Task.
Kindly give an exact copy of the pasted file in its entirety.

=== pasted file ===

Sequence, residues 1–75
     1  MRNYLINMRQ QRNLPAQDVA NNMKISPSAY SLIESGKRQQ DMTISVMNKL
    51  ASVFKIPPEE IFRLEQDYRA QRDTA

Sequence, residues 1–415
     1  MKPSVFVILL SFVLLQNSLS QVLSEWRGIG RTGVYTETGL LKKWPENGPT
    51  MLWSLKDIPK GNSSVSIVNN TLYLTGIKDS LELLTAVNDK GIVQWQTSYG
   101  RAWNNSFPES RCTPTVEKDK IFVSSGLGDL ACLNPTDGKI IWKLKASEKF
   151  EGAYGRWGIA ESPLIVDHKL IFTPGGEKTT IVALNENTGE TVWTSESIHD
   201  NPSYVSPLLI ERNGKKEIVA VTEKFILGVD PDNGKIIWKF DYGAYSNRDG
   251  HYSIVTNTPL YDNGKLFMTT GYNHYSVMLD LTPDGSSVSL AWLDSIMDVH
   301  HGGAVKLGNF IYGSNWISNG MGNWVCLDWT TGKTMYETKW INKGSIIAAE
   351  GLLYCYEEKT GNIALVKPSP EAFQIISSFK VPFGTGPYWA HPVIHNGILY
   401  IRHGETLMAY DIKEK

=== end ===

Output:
Sequence, residues 1–75
     1  MRNYLINMRQ QRNLPAQDVA NNMKISPSAY SLIESGKRQQ DMTISVMNKL
    51  ASVFKIPPEE IFRLEQDYRA QRDTA

Sequence, residues 1–415
     1  MKPSVFVILL SFVLLQNSLS QVLSEWRGIG RTGVYTETGL LKKWPENGPT
    51  MLWSLKDIPK GNSSVSIVNN TLYLTGIKDS LELLTAVNDK GIVQWQTSYG
   101  RAWNNSFPES RCTPTVEKDK IFVSSGLGDL ACLNPTDGKI IWKLKASEKF
   151  EGAYGRWGIA ESPLIVDHKL IFTPGGEKTT IVALNENTGE TVWTSESIHD
   201  NPSYVSPLLI ERNGKKEIVA VTEKFILGVD PDNGKIIWKF DYGAYSNRDG
   251  HYSIVTNTPL YDNGKLFMTT GYNHYSVMLD LTPDGSSVSL AWLDSIMDVH
   301  HGGAVKLGNF IYGSNWISNG MGNWVCLDWT TGKTMYETKW INKGSIIAAE
   351  GLLYCYEEKT GNIALVKPSP EAFQIISSFK VPFGTGPYWA HPVIHNGILY
   401  IRHGETLMAY DIKEK